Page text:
Uninterrupted task + asynchronous ISR of no latency.

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Below I give an example of a simple task (sending data through SPI) which is processed with maximal speed (SPI sends 10Mb/s at f_cpu=20MHz, m644p) while processing ISRs without latency. The task is actually not interrupted at any moment (SPI sends without bit spaces) but mirrored in ISRs.

Does anybody know how such meshing of codes is named?

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No RSTDISBL, no fun!

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Does anybody know how such meshing of codes is named?

I have no idea.

Nowadays, if this operation were critical to my app, I'd use a processor family with DMA and "streaming" operations on SPI/USART/I2S/etc. Xmega, recent ARM generations, MSP430 that I know of; probably (many?) more families.

Lee

You can put lipstick on a pig, but it is still a pig.

I've never met a pig I didn't like, as long as you have some salt and pepper.

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I'd use a processor family with DMA

Actually, SPI was just an example. And it is not about DMA (the book must be about something), but the style, the way context is switched. But thanks for the input!

So first you execute (A+B) tasks, then you switch to (B+C) tasks. Eventually A was suspended, C was resumed, but B was.. Nothing really happened with B, it is executing just like before. In this case several instances of B code must be meshed (Here first with A and second with C).

But have no idea how this method is called. Any clues?

No RSTDISBL, no fun!

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Non-deterministic unprioritzed tickless non-pre-emptive stochastic random scheduling?

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but you are adding latency, as you still have to perform operations for 'B' while executing 'A' or 'C'. So while your ISR may start to execute immediately, the actual path through code is slower, as it must yield to the higher priority 'B' task. Interrupt latency is not about time to start of execution of the code [though it is often measured this way] it is about time to servicing the hardware that caused the interrupt. Having said that, as long as you can service the event before the next event, or the hardware has to wait for new data, there is no problem with the added latency.

So what you have created is a hard-coded priority system, where one task has has higher priority, than even ISR's.

Note that you can achieve the same effect, by allowing nested interrupts . [but only by the higher priority one - SPI in this case], and this does not require any mirroring of code.

Writing code is like having sex.... make one little mistake, and you're supporting it for life.

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it is about time to servicing the hardware that caused the interrupt.

Definitions differ, but generally yes, it is the completion of the task (updating hardware) we are interested in.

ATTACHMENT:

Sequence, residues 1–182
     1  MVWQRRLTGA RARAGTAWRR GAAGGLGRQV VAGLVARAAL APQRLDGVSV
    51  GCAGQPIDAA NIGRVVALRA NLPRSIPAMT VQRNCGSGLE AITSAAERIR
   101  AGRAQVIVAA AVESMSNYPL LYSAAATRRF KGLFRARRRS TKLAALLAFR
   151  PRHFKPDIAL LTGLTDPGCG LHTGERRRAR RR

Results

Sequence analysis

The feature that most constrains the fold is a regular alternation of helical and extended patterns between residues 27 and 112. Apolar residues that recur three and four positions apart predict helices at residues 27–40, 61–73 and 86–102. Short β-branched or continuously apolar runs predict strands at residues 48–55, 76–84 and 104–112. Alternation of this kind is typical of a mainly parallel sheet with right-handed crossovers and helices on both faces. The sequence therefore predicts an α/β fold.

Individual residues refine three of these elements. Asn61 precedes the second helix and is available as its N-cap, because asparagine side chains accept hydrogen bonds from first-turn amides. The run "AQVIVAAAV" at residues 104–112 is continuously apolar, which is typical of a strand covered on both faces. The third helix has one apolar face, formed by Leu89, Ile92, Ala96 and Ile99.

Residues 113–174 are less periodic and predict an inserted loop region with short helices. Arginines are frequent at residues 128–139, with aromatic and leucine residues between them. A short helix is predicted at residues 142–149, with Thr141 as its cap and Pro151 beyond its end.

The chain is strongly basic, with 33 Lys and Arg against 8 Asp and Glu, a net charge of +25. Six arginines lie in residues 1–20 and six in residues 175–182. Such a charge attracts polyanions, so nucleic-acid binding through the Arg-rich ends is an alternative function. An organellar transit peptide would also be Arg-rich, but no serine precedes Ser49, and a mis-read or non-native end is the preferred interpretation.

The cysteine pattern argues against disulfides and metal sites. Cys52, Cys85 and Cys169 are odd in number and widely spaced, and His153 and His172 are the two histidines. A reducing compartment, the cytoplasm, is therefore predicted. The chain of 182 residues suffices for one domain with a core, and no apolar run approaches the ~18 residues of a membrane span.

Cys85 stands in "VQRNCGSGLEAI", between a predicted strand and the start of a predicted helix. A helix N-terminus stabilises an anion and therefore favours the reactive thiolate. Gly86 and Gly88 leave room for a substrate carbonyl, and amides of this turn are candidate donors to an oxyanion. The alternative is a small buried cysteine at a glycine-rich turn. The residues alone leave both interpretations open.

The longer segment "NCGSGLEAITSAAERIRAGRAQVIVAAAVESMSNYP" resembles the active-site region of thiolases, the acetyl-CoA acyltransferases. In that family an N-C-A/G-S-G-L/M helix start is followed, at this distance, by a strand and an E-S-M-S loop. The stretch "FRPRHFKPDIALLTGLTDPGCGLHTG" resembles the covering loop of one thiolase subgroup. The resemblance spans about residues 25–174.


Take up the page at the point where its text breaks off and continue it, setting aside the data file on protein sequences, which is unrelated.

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the actual path through code is slower

Obviously you have to execute all the code + overhead. What you can do is to reduce overhead and still meet the constrains given by selecting appropriate sequence of execution.
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Note that you can achieve the same effect, by allowing nested interrupts

When first you service C(aka ISR), interrupt it, then B(aka SPI)? This gives two overheads of calling ISR (changing context is made twice). And because of that I am afraid it will not meet B task constrains. Similar effect, no mirroring code but different performance.
As usual, "There are many ways to skin a cat". Smaller code but longer execution time.

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So what you have created is a hard-coded priority system, where one task has higher priority, than even ISR's.

I like your definition (unlike jayjay1974's)! B task executes with the highest priority, what is more, it cannot be interrupted, even though cpu is servicing ISRs at the same time. I gave the example with SPI sending (which is so simple that often made in hardware, aka DMA), but the very same can be made with for example a scheduler or any other high priority code.

Does anybody know programming language, where execution constrains can be stated explicitly (while coding or compiling)? You can define "B has higher priority than A", but it is not what the designer cares about. He cares about "Under given conditions B must be serviced not later than 1s after it is raised" and meeting only these types of constrains has any practical use. Isn't it a compiler's job to select the strategy/sequence/policy and check if these requirements

cannot be satisfied:

    -no way, cpu is too slow to meet all these constrains, -not enough RAM for that short latency
    -program memory too low and I cannot mirror scheduler code in ISRs.
or can be:
    - compilation OK, all constrains met.
?

No RSTDISBL, no fun!